Congress questions Norfolk Southern CEO on Ohio train derailment

WASHINGTON, D.C. — Crews in Alabama were busy cleaning up the mess from a Norfolk Southern train derailment Thursday as the company’s CEO took questions from Congress about a previous toxic derailment in Ohio.


Norfolk Southern CEO Alan Shaw said many times in Thursday’s hearing that his company will do all it takes to help people impacted by the derailments, but some lawmakers weren’t buying it.

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Inside a packed hearing room, Shaw faced questions from members of congress for the first time since the derailment in East Palestine, Ohio last month. He began with an apology and a promise.

“I am determined to make this right,” Shaw testified in front of the U.S. Senate Committee on Environment and Public Works. “Norfolk Southern will clean the site safely, thoroughly and with urgency. You have my personal commitment.”

Shaw added the company is learning from the incident, already making changes and working with officials to make railroads safer.

He also insisted it’s currently safe to live in East Palestine.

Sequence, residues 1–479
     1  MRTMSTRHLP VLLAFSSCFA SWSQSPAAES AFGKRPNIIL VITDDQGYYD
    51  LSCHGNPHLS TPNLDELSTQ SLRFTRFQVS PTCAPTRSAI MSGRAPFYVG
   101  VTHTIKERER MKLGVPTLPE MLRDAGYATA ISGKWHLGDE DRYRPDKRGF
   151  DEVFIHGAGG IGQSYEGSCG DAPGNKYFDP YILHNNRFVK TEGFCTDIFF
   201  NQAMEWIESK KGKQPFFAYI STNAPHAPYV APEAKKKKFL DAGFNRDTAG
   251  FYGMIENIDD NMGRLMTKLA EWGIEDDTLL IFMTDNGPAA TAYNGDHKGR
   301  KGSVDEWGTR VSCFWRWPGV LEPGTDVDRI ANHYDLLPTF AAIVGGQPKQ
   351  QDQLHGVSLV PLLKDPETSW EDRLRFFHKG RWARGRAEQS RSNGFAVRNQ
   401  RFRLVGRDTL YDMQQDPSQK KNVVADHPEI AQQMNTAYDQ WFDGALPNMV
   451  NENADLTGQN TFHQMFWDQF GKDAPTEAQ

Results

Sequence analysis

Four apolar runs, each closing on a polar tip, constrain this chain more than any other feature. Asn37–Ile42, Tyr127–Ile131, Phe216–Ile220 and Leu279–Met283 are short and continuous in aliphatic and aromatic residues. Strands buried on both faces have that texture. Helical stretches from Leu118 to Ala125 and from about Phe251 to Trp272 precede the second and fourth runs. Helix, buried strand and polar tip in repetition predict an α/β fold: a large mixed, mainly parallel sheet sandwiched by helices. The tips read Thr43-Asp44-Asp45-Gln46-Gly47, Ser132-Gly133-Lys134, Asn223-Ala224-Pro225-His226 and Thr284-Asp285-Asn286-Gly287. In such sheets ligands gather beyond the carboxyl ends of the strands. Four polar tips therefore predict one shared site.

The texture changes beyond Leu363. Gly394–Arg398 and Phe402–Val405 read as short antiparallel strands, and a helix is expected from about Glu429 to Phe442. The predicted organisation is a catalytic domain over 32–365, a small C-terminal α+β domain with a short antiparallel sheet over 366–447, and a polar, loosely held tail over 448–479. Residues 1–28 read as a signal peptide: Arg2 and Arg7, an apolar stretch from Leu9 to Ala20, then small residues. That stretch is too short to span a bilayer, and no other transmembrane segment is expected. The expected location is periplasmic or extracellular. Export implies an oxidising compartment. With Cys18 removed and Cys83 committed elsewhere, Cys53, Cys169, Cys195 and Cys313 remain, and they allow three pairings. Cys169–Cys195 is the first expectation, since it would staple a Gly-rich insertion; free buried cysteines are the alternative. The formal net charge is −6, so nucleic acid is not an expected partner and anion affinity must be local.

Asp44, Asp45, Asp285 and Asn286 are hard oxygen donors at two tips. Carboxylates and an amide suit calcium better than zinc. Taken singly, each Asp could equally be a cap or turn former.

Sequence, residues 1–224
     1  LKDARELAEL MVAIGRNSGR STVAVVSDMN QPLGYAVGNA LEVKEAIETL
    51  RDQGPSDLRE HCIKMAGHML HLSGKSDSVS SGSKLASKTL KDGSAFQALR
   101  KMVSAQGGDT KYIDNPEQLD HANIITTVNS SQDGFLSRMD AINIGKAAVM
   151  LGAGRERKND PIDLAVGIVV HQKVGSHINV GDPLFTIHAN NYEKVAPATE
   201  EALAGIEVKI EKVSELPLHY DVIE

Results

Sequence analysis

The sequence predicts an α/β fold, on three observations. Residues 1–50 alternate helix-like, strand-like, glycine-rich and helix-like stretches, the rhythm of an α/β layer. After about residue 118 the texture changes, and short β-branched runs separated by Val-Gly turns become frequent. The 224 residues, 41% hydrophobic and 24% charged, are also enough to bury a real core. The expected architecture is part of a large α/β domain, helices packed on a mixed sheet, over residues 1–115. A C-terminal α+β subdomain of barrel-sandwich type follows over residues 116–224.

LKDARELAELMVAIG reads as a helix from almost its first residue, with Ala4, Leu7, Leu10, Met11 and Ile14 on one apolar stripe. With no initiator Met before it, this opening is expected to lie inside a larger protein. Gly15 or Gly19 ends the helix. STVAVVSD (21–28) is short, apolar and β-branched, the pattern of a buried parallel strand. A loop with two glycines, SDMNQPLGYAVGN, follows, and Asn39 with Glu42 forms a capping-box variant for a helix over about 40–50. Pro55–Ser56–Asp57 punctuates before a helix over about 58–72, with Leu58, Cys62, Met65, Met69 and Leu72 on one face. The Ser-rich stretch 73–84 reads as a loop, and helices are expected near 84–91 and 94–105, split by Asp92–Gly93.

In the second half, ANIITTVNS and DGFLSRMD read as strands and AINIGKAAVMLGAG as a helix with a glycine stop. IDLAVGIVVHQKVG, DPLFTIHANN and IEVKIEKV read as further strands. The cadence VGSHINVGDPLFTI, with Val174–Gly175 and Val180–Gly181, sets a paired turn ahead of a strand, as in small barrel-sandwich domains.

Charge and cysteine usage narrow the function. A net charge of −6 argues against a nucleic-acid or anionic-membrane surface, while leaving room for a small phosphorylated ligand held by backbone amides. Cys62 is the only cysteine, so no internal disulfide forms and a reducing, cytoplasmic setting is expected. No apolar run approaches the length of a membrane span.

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“The air is safe to breathe and the water is safe to drink,” Shaw said.

It wasn’t enough to appease the visibly frustrated Senators on the panel, with each being critical of the company and Shaw over safety while questioning the company’s billion-dollar finances.

“With all due respect, Mr. Shaw, you sound like a politician here,” Sen. Bernie Sanders (I-VT) said.

Republican Senator from South Carolina Lindsey Graham even questioned whether Shaw feared for his safety.

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“Can we count on you and your team of lobbyists to push for safety improvements rather than lobbying against those improvements,” Sen. Jeff Merkley (D-OR) asked. “I want to know will your team lobby for safety improvements?”

Shaw responded by talking about how his company has spent tens of millions of dollars to help the people of Ohio impacted by the derailment. He said those funds were just a down payment for what’s to come.

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